Speech Chapter 12 Web Activities Aampes Biography Aampes Biography Website The Companion Site Aampes

Document Type
Homework Help
Book Title
Invitation to Public Speaking - National Geographic Edition 6th Edition
Authors
Cindy L. Griffin
Chapter Twelve: Informative Speaking
____________________________________________________
Chapter Goals
Chapter 12 introduces students to informative speaking and the different types of informative speeches.
As students reach the end of the chapter, they should be able to meet the following goals:
To describe the five types of informative speeches
Chapter Outline
I. Types of informative speeches (pgs. 230-232).
An informative speech communicates knowledge and understanding about a process, an event, a
place, or person.
Informative speaking environments are environments in which a speaker has expertise or
knowledge that an audience needs but doesn’t already have.
As you enter the public dialogue, you will give informative speeches frequently.
a. Speeches about processes, commonly called a how-to or a demonstration speech,
describe how something is done, how something comes to be what it is, or how something
works.
i. Process speeches help an audience learn how to complete a task.
ii. They can help an audience understand how something develops over time.
iii. Process speeches can show an audience how to perform a process or how to
better understand a process.
iv. They are common because most people are constantly learning how to perform
new tasks.
v. Speakers are often asked or are required to give a speech about processes.
1. A boss may ask a speaker to explain to a colleague how to fill out and
submit an expense report.
vi. Process speeches are often organized chronologically.
b. Speeches about events describe or explain significant, interesting, or unusual
occurrences (pg. 232).
i. They help an audience understand what happened, why it happened, and what
effect it had.
c. Speeches about places and people describe significant, interesting, or unusual places
or people (pg. 233).
i. In a classroom, you can share your experiences with places and people you have
visited or have found fascinating.
d. Speeches about objects are speeches about anything that is tangible, that can be
perceived by the senses (pg. 233-234).
i. We can describe the components or characteristics of something so an audience
can better understand it and why it might be important or valued.
ii. They are common in the working world.
1. A product development coordinator might speak regularly to his or her
colleagues about new products.
3. Speeches about objects are organized topically, spatially, and sometimes
chronologically.
e. Speeches about concepts are about abstractions, things you can’t perceive with your
senses, such as ideas, theories, principles, worldviews, or beliefs (pg. 234).
i. The goal is to help your audience understand a concept, its history, its
II. Organizational patterns for informative speeches (pg. 236-239).
a. Chronological pattern can organize your main points to illustrate how a topic has
developed over time or what steps an audience must take to do some task.
i. It is the pattern stories use to describe developments over time.
ii. Chronological patterns are especially suited for process speeches although they
can be used for other types of informative speeches.
b. Spatial pattern allows you to address topics logically in terms of location or direction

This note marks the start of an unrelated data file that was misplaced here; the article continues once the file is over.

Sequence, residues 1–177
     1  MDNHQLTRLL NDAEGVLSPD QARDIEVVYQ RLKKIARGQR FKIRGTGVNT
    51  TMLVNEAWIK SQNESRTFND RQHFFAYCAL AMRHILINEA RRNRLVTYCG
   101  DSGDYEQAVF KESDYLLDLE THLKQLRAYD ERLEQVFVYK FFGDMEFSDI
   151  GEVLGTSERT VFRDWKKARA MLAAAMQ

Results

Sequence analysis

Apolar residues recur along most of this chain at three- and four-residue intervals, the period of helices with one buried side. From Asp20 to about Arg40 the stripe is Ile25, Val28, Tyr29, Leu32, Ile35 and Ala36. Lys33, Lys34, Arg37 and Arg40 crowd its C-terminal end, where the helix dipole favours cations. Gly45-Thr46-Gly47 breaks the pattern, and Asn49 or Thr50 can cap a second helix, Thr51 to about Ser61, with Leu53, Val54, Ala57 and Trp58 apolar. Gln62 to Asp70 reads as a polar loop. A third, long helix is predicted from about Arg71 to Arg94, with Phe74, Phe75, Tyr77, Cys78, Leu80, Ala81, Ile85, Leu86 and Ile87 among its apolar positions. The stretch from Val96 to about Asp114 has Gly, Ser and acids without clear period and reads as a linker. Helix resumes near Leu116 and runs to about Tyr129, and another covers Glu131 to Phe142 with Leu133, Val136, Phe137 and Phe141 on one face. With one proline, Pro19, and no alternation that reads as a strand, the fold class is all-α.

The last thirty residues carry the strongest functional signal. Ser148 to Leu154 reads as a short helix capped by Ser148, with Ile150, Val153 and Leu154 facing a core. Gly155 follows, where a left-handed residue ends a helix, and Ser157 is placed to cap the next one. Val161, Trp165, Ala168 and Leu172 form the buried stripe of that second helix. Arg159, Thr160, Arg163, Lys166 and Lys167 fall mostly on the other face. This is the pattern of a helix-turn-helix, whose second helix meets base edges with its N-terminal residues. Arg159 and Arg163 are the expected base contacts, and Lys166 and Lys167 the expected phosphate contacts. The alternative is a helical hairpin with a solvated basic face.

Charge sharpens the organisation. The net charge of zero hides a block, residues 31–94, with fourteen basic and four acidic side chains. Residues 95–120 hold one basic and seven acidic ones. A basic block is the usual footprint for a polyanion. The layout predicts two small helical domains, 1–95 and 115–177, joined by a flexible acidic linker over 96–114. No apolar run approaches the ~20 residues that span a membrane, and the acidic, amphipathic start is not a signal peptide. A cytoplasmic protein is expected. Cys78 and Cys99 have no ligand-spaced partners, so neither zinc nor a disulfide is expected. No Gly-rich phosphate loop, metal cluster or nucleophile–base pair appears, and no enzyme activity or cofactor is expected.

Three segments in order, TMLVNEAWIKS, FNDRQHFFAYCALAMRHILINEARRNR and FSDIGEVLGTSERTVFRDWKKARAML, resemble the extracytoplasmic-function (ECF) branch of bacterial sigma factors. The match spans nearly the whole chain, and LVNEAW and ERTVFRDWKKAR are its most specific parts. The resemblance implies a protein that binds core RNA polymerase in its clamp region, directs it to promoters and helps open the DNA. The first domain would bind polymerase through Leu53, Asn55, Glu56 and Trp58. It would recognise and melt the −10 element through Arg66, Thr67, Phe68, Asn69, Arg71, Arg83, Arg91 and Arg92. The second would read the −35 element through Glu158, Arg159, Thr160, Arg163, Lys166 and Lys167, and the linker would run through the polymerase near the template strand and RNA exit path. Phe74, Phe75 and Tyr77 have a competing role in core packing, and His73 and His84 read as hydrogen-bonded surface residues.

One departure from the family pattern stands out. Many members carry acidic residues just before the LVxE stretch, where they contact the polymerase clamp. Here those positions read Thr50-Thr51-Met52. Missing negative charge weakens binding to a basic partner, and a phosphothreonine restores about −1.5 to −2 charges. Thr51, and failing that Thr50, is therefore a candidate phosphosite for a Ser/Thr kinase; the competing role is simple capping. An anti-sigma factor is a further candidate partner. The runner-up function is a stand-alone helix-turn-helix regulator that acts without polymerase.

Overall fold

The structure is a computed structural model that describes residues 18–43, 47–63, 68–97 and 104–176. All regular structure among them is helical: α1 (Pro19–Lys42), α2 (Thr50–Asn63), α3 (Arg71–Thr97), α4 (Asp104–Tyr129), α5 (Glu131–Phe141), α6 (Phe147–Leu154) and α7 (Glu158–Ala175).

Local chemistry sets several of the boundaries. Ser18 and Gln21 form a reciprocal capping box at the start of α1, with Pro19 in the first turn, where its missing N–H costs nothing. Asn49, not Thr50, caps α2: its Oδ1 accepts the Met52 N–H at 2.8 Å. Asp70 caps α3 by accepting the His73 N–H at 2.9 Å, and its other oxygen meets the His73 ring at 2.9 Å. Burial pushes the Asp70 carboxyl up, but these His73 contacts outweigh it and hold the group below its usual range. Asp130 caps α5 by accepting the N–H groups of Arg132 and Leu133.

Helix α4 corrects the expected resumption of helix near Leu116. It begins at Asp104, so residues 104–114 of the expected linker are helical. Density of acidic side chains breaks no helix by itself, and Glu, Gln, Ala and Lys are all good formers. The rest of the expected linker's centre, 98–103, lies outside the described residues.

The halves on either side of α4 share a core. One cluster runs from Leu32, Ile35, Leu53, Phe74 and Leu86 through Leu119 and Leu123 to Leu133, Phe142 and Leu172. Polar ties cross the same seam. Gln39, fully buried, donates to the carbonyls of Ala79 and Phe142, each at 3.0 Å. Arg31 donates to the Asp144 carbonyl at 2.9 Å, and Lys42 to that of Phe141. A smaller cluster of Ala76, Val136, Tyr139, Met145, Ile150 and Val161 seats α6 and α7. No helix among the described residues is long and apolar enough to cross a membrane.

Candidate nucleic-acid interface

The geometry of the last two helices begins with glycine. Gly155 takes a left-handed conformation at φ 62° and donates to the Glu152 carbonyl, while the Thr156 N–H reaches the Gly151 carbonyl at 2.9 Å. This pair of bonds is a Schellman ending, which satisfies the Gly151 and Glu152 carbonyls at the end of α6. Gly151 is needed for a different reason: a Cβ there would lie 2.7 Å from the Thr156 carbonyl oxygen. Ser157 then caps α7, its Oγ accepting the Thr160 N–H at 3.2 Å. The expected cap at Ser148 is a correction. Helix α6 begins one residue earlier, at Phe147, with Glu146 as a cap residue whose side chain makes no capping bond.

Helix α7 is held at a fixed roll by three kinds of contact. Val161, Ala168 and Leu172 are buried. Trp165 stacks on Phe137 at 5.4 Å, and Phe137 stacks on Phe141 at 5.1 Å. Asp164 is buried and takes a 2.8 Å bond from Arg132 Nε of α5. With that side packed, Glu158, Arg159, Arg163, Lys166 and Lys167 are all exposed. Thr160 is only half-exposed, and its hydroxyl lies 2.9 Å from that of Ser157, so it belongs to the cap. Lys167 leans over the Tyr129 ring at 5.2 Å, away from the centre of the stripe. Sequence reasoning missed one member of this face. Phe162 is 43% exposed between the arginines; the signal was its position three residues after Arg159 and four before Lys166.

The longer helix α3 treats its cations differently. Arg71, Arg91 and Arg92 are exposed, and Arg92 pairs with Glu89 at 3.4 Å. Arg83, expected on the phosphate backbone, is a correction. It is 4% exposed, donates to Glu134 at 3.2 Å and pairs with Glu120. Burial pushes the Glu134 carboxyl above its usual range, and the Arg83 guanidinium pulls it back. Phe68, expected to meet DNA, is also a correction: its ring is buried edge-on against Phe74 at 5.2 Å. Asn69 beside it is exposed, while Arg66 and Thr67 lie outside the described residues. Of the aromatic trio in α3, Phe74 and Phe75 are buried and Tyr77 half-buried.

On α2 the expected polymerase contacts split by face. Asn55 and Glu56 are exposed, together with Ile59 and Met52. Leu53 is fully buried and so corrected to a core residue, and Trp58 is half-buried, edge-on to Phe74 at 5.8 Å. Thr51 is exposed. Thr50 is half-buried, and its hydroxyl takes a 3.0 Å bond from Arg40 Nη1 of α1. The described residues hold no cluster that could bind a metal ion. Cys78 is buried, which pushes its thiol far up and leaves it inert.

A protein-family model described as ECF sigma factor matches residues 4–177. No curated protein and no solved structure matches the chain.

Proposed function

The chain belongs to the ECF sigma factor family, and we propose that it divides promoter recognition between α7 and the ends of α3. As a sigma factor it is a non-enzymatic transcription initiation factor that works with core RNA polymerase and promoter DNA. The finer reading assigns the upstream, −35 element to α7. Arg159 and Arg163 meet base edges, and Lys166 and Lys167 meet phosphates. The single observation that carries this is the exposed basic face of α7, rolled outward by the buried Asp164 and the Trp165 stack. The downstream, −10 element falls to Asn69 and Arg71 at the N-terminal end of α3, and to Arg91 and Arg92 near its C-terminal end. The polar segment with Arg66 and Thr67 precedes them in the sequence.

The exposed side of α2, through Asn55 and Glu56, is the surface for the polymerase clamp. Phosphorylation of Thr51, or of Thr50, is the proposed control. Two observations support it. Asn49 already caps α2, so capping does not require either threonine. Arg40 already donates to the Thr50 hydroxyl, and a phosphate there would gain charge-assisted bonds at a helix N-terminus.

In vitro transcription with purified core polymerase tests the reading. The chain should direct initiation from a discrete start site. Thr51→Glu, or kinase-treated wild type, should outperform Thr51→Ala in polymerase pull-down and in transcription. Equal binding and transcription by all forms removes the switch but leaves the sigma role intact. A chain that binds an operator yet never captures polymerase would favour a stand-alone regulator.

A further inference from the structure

(pg. 237).
i. With this pattern, you arrange main points by the position they represent within a
physical space.
c. Causal patterns highlight cause-and-effect relationships (pg. 238).
i. A cause is an event that makes something happen.
d. Topical pattern allows a speaker to address different aspects of a topic (pg. 238).
i. Topical patterns work well in informative speeches whose topics can be easily
and logically divided into subtopics.
III. Tips for giving effective informative speeches (pg. 239-242).
a. Bring your topic to life.
i. Effective informative speeches bring a subject to life for an audience, engaging
them so they appreciate the information they receive.
b. Stay audience centered (pg. 240).
i. A challenge to most public speakers is to decide how much information to
include in a speech and how much to leave out.
1. When too much information is presented, it can overwhelm the audience.
3. The best way to tailor your information is to stay audience centered
throughout the speech.
4. Continually reflect on the needs and interests of your audience.
a. Include information that might be most educational for your
c. Use language that is clear and unbiased (pg. 241).
i. Use language that is descriptive and instructive.
2. Break complicated processes into steps an audience can easily follow.
4. Explain familiar terms you use in new ways.
6. When you incorporate personal knowledge into an informative speech,
make sure your language reflects your experience, not your personal
biases or preferences.
IV. Ethical informative speaking (pg. 242).
a. Ethical informative speakers make sure their speeches are based on careful research.
i. Information should be accurate and complete.
End of Chapter Activities and Discussion Questions
The following questions can be found at the end of Chapter 12.
Review Questions and Activities
1. Consider the following as possible informative speaking topics for your next assigned speech:
Carpets Making pizza
How many different kinds of informative speeches can you give on each topic? What would be the
strengths or advantages of choosing one type of speech over another for these topics? How would your
speech be relevant to the public dialogue?
This can be a great activity to do in class in small groups or pairs of students because it encourages
2. Create a preparation outline for an informative speech on the topic of the U.S. response to natural
disasters. How many different organizational patterns could you use for this topic? How would each
pattern highlight a different aspect of this topic? How would you reduce the scope of your speech to
make it manageable for your public speaking course?
3. In groups or as a class, identify five or six of the most commonly used, but poorly defined, terms you
hear regularly. Use informative language to define those terms for your classmates. Some terms to
define might be